This is my first Unraveled Wednesday in quite a while! I’m joining with Kat and friends to share what I’ve been reading and knitting lately. I took a little break from knitting, but today I’m back with one finished project and one fresh, new sweater on the needles. And first, I have a stack of books from the last week to share with you.
Lullaby Lake by Katrina Charman
It’s been a few weeks since I’ve been able to share a finished read aloud. We attempted another book a few weeks ago that might have been a little advanced for us (Redwall), so we decided to save it for another time and return to this series we’ve been enjoying. We joined our heroes at Lullaby Lake to find another piece of the ember stone. This one had an adorable sloth and water fairies – both of which Bryce enjoyed A LOT!
The First Four Years by Laura Ingalls Wilder
This is the end of the Little House series. I have to say I was a bit disappointed. This was published posthumously and I don’t think this is the story that LIW would have wanted to tell. She’s now married to Almanzo and living as a farmer’s wife on the prairie. All of the love of the prairie is gone – she’s focused on paying the bills and keeping house. Of course, she’s an adult and a parent now, so it makes sense that her perspective has changed, but I don’t think Laura would have wanted to lose the spark of the prairie. I’m glad I got to read it, but it’s certainly not going down as a favorite in the series.
The Rose Code by Kate Quinn
This is the kind of book I live for. Set at Bletchley Park, it’s full of code breakers, spies, ovaltine, pencils, drafty huts, and beautiful dresses. The atmosphere simply seeped out of every page. It’s about three unlikely friends: Osla, Mab, and Beth. They meet each other after Osla and Mab were recruited to BP for top secret posts. They are billeted together at the home owned by Beth’s parents, and they quickly discover that Beth is a whiz at crossword puzzles – a sure indicator of a top notch code breaker.
Their stories are told in two parallel timelines: the early 40s, just as they begin working at Bletchley, and in the days leading up to Princess Elizabeth and Prince Philip’s wedding. In the latter timeline, the women learn that there was a spy at Bletchley and they call in reinforcements in order to crack The Rose Code — a code that was being worked by a precious supervisor who died of cancer before the war ended – to learn the identity of the traitor.
I couldn’t decide whether to give this 4 or 5 stars. I was leaning towards 4 because there was more romance than I typically like, but I decided on 5 because: atmosphere. I’d definitely recommend this to any WWII fiction fan!
The Nickel Boys by Colson Whitehead
“Elwood never ceased to marvel how you could walk around and get used to seeing only a fraction of the world. Not knowing you only saw a sliver of the real thing.”
This novel, mostly set in the 60s, is about a reformatory school in Florida and young boy named Elwood. Elwood, exceptionally bright and passionate, hitches a ride to his first college class. As his ride is pulled over by the police, he quickly realizes that he was in the wrong place at the wrong time. Despite his grandmother’s desperate search for help, Elwood is sentenced to The Nickel Academy. Elwood quickly learns how he must act in order to survive his fellow “students” and “teachers.” These young men carried their lessons for survival throughout their entire lives.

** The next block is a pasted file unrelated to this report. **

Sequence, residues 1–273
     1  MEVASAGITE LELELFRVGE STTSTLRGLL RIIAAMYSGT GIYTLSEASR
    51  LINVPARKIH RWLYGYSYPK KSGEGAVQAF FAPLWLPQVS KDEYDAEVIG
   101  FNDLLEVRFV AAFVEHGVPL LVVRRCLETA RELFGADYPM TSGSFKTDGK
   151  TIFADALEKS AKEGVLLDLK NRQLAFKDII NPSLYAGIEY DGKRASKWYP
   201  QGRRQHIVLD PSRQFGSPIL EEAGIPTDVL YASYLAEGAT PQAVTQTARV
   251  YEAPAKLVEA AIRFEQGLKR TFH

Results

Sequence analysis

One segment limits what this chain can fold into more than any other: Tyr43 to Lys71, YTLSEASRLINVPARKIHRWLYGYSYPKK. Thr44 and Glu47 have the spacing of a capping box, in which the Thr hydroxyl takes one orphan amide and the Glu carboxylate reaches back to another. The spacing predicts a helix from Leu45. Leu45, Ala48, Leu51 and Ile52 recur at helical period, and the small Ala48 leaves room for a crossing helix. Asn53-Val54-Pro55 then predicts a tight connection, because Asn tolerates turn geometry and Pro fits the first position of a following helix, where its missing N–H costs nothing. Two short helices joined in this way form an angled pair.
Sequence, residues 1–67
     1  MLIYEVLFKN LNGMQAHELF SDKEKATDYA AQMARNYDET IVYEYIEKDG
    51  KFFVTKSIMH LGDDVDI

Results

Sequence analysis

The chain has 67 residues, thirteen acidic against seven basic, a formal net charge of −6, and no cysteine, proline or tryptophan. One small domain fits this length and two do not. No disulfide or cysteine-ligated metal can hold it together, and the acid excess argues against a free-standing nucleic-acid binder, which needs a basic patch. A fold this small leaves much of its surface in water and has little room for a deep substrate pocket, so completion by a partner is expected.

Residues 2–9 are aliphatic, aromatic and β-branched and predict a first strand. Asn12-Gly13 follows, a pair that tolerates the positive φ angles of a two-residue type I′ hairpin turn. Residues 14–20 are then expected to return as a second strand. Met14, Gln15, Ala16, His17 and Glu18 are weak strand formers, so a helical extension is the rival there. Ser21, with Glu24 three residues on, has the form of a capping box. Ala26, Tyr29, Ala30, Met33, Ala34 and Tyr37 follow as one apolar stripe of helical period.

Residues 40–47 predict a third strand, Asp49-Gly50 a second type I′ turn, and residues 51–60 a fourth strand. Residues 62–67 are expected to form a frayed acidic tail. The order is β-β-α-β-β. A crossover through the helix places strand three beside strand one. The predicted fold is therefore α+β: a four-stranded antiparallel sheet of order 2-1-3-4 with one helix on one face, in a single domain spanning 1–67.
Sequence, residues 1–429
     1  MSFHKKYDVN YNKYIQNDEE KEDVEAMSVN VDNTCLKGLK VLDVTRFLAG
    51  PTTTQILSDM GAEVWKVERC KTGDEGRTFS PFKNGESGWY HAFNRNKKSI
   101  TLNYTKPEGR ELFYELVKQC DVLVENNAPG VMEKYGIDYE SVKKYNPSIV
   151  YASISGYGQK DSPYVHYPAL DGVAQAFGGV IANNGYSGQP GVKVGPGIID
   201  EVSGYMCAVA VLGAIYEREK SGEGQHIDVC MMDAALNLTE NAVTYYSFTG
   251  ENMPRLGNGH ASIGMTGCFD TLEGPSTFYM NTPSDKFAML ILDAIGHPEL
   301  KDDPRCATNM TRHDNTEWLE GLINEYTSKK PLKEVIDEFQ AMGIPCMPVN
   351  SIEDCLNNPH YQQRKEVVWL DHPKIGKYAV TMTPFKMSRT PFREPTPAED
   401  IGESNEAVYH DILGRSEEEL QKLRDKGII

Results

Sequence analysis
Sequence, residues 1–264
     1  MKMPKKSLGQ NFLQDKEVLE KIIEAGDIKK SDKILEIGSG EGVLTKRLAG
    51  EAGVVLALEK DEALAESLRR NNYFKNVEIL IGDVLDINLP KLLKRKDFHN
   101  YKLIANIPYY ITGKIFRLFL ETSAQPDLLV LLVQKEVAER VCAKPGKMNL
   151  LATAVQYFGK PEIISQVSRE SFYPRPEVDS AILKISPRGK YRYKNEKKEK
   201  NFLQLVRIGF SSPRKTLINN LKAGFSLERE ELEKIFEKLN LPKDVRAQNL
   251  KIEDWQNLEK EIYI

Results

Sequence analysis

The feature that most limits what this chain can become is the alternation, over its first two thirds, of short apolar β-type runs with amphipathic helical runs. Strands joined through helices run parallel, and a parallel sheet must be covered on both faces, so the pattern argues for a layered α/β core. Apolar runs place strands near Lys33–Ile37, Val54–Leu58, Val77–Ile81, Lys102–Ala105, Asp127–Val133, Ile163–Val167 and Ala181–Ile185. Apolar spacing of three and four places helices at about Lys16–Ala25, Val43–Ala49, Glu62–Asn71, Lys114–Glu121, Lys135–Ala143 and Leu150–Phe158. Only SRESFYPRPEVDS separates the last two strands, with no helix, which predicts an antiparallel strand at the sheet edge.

I am grateful Whitehead didn’t go into extreme detail when describing the horror these children endured, but he gave us just enough information for us to fill in the blanks. When we discuss systemic racism and debate reparations, this (and The Underground Railroad) should be required reading.
The Birchbark House by Louise Erdrich
As soon as I finished The Little House series, I began listening to The Birchbark House. I’d been wanting to read it for a long time and was thrilled when this was the Audible Deal of the Day a few months ago. The Birchbark House is a children’s series set in the same time period as the Little House books, but it centers on a Native American family — also in Minnesota, which is where The Little House in the Big Woods was set.
I really enjoyed getting to know this family, who had me laughing and crying. I was hoping to read this with my kiddos soon, but there is one particularly gut-wrenching storyline that makes me think I’ll need to wait a couple of years before I introduce it to them. But on the whole — I really appreciate the balance in perspective this book gave me in relation to the Little House series. And I can’t wait to listen to more of Omakayas’ story!
I finished Bryce’s Jubilee hat last week! He’s been wearing it a ton and it’s already super stretched out, but that’s okay. He requested a pointed top like his sister’s rather than the rounded one I did for Colton and he’s enjoyed being an elf. As I neared the top, I began to worry that I’d run out of yarn so I threw in a few gray stripes to just to make sure. I’m glad I did because that string on the right is all that’s left!!
I started a second Spark cardigan. I went into this knowing what modifications I wanted to make. 1) I’m knitting the cuff of the sleeves shorter. The original pattern calls for 5″ of ribbing so that you can fold the ends of the sleeves back, which bugs me about my first effort. This time I’m knitting 2.5″ for the cuffs and calling it a day. 2) I am NOT including the belt or belt loops. I never, ever use the belt from my first Spark and have even snipped off the loops that I sewed on. So I’m skipping that part completely!
This Spark cardigan is going to move much more slowly than my last because I was a knitting machine last summer and fall. That’s okay — I’m going to enjoy the process, no matter how long it takes me (I hope).
Thank you for taking the time to read all of these updates! I’m hoping this week brings more good books and windows of time for knitting. Take care!